12 September 2015
Our congratulations to Jeremy Corbyn for his historic win in the Labour leadership elections. We are glad to see that Labour finally has an authentic person to carry them forward.
However, Corbyn isn’t Green, he may be ‘old’ Labour, but times have moved on, and the future is not well represented by the past.
In an era when the security that citizens need should come simply from being citizens, not from their jobs, the Green Party works for the fundamentally egalitarian measure of introducing an unconditional Citizens Income, which we would set at a level sufficient to ensure that the poorest benefitted. Greens stand for the security of every citizen, not a return to the old days of heavy labour, polluting coal mines, dirty energy and terrible health. No-one in Wales wants to see the return of dirty jobs and disability. What we do want to see is a return of strong communities, and only the Green party is working to protect and enhance our rural communities, and value them for the goods and services they provide for us all.
Unlike a Corbyn led Labour party, the Green Party does not see an environmentally costly building programme as the solution to our needs. We would ensure that people are removed from fuel poverty, and the existing housing stock better used, properly insulated and retro fitted so that as many houses as possible create more energy than they use. We would control rents and discourage the purchase of housing primarily as an investment; and provide affordable homes built to the highest low energy standards.
‘Corbynomics’ is an economics based on labour and capital. Greens underline that such outdated approaches have not come to terms with the fundamental planetary boundaries we are facing, and completely ignore the centrality of land and its fundamental importance as a provider of food and biodiversity. We are at a turning point in human history, and Corbyn’s lack of ecological joined-up thinking is not going to help us overcome the challenges of climate change and rising seas already being experienced in Wales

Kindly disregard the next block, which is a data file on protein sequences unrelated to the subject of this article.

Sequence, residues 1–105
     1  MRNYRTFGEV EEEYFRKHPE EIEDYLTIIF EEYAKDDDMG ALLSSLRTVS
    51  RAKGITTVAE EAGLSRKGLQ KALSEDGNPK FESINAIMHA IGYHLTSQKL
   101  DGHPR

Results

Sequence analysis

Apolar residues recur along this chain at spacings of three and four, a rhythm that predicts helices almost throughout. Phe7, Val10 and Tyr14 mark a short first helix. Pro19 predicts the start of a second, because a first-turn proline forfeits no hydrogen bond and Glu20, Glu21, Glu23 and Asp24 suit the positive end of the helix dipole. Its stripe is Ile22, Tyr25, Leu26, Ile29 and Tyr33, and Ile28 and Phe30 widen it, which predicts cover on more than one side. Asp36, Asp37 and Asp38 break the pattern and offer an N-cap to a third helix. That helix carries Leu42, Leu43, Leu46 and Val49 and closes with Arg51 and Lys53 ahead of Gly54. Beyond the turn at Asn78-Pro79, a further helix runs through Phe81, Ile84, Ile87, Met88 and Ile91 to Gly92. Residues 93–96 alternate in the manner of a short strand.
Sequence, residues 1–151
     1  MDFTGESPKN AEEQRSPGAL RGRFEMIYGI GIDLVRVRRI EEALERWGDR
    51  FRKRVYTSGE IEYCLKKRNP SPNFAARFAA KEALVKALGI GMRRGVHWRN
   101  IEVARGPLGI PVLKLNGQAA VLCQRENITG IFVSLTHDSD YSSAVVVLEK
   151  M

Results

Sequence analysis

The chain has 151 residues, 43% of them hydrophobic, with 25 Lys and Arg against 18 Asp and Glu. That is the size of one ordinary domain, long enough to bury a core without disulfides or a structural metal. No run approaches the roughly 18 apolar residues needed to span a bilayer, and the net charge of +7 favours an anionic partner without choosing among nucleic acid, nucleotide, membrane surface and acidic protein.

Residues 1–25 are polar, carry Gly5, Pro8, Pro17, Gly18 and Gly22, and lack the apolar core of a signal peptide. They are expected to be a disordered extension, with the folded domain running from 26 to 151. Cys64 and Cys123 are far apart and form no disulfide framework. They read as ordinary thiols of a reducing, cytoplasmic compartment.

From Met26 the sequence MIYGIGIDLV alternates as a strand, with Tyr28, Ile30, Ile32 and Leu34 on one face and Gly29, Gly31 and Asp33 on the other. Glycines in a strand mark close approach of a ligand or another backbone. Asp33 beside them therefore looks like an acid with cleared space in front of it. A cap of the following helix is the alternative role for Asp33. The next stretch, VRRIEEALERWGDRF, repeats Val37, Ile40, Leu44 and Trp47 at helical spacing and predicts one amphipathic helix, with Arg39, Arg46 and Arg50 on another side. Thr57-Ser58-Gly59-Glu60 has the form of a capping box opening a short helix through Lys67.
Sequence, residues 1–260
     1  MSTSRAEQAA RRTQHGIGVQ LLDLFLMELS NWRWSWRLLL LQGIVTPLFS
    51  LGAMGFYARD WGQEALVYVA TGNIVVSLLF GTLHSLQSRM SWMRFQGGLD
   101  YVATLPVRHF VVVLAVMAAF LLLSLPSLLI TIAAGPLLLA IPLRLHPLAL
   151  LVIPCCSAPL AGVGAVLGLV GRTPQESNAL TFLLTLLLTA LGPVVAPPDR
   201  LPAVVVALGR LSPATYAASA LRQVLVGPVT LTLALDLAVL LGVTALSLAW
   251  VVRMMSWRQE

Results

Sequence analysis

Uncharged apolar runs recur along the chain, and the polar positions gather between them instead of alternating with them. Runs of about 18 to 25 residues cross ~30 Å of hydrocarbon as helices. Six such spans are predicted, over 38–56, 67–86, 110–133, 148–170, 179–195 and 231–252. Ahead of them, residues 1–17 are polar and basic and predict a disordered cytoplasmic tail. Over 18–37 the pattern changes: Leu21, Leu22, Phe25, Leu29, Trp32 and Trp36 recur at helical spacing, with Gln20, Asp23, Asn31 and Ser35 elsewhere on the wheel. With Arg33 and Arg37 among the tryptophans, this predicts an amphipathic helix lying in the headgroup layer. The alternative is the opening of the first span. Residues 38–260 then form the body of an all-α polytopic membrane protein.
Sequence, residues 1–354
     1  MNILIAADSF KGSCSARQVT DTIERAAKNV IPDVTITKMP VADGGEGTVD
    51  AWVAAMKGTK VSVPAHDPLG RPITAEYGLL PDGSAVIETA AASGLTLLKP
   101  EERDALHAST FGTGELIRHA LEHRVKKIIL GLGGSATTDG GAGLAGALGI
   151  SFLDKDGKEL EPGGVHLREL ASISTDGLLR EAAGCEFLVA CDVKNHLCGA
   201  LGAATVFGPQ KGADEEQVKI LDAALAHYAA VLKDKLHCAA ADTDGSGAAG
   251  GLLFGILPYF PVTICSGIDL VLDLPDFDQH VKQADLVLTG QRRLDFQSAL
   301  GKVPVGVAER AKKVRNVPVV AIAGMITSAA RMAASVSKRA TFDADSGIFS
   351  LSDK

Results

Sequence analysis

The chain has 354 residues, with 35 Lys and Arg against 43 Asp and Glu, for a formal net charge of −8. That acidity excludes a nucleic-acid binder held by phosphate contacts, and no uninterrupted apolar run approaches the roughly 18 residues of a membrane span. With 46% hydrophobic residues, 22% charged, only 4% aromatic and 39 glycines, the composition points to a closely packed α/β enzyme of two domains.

We acknowledge Jeremy Corbyn has many virtues, and we look forward to working together with him on issues of common ground such as the abolition of Trident, bringing essential services back into public ownership, and scrapping the bedroom tax. However, like Tony Blair and George Osborne and many more he is thoroughly in hock to the outdated fetish for economic growth based on debt.
Greens need to press forward with the debate on Monetary Reform, Land Value tax and Proportional Representation. Greens need to fight harder than ever to end polluting energy supplies and the depletion of our soils. To leave our society and our planet fit for future generations is our goal, and Corbyn, sadly, will bring us no nearer that goal.
The case for the Green Party is stronger than ever.